Law, Politics, and Society
Law, Politics, and Society explores the relationship between law, political life, and society—it examines how the law is made and changed, how it influences citizens, and how it interacts with societal forces.
DISCOVERING LAW, POLITICS, AND SOCIETY
The Law, Politics, and Society (LAPS) Program is a systematic but flexible interdisciplinary exploration of the relationship between law, political life, and Canadian society. It examines the nature of law and its influence on Canadians and their polity and explores how law is made and changed, and what forces shape it.
Students learn about the institutional character of law making and enforcement and also the social factors that shape and are shaped by law.
Given the growing centrality of law in Canadian society, attention is increasingly being paid to the nature and composition of the bar and bench, and the politics of judicial appointment increasingly make the front page.
Law, Politics, and Society is an interdisciplinary program, but is also a fine complement to studies in Human Rights, Political Science, Criminology, or Sociology.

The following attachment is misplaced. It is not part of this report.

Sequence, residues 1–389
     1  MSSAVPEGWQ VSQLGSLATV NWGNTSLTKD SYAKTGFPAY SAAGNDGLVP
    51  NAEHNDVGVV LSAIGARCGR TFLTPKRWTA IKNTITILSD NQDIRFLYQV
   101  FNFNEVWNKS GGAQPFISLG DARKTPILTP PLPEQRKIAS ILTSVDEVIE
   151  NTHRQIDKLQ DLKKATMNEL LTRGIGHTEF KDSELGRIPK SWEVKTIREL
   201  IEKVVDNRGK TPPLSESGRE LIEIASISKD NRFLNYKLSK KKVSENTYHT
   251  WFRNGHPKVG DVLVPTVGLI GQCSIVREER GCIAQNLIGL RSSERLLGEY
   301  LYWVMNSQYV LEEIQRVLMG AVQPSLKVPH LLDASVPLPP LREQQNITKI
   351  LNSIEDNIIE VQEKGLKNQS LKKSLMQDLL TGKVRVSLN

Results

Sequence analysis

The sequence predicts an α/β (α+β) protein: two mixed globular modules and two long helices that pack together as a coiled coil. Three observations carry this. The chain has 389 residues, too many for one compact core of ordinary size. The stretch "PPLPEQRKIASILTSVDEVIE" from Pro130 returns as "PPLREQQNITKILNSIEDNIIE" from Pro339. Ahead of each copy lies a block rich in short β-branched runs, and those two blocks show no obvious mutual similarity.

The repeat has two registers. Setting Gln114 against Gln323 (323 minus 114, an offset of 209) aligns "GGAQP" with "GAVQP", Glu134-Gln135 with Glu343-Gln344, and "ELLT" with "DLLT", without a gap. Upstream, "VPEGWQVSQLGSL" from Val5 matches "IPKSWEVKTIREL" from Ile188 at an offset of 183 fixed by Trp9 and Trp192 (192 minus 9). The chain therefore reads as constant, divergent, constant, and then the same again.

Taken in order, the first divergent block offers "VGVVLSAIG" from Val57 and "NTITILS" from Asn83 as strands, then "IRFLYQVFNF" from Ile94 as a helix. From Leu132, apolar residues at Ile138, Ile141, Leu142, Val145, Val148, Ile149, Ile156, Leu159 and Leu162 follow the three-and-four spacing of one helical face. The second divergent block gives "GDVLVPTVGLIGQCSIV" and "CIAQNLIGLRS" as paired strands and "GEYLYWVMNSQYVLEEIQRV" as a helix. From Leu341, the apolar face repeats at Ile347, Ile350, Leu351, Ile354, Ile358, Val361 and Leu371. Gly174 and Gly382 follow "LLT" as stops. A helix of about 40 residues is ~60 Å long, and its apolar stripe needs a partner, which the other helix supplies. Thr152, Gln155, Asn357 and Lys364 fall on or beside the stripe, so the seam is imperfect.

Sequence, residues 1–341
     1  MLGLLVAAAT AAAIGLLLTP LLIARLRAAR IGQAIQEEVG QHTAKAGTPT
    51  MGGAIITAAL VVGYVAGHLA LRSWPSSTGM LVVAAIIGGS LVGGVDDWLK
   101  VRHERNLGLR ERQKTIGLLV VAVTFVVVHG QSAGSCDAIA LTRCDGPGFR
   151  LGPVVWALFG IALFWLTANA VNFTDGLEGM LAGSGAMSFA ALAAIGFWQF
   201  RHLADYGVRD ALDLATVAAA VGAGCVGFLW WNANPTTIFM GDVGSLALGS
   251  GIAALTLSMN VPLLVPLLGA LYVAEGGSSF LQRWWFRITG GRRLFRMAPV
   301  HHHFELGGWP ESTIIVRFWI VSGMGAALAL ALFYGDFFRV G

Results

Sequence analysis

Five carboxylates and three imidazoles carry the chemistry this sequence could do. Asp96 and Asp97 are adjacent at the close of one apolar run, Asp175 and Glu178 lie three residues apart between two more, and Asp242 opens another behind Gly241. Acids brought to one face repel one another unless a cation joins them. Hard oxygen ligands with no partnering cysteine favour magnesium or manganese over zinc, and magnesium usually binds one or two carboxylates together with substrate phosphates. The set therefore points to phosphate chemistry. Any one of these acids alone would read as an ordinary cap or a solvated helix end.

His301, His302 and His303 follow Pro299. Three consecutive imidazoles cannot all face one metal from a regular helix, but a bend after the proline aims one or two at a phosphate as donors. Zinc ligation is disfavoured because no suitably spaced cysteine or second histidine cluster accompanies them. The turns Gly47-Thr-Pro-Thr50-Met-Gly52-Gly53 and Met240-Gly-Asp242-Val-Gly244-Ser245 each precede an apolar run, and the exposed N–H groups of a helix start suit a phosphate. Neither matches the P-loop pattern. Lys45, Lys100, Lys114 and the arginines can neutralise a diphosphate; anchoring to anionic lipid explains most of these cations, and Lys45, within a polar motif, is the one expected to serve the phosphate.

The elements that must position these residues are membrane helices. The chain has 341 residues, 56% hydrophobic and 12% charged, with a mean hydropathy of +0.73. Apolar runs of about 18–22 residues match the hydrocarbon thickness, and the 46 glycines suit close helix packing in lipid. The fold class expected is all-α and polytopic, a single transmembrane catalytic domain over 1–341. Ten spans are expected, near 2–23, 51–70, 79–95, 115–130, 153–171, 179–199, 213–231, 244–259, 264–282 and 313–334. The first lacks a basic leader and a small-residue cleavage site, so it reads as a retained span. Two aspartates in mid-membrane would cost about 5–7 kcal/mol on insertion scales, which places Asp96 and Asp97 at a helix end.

YOU MIGHT BE INTERESTED IN STUDYING LAW, POLITICS, AND SOCIETY IF...
- You want to learn about the way law works in advanced democracies
- You want to explore the influence of law on Canadian society
- You want to learn more about the types of law in Canada, the judicial system, or the legal profession
CRITICAL AND TRANSFERABLE SKILLS
It is important not simply to know that Canada is a law-based polity; it is important also to know who makes and interprets that law and to know how the law affects citizens. In this program, you will learn about how law is made and changed, how it interacts with social forces like ethnicity, gender, and economic inequality, and how social and political change leaves its marks on laws and legal processes.
You will learn about the philosophical and institutional foundation of law and courts and become familiar with the factors that influence judicial outcomes—why judges decide cases the way they do. You will also develop a familiarity with how personal conditions and characteristics may bring someone into contact with the law.
CAREERS AND GRADUATE PATHWAYS
The program draws on a number of disciplines including Sociology, Philosophy, Political Science, and Human Rights. It will prepare you for a variety of careers, including those in social-justice related fields. You may work in journalism, social work, judicial administration, law enforcement and border security, corrections, the law, public interest advocacy, and other parts of the public service.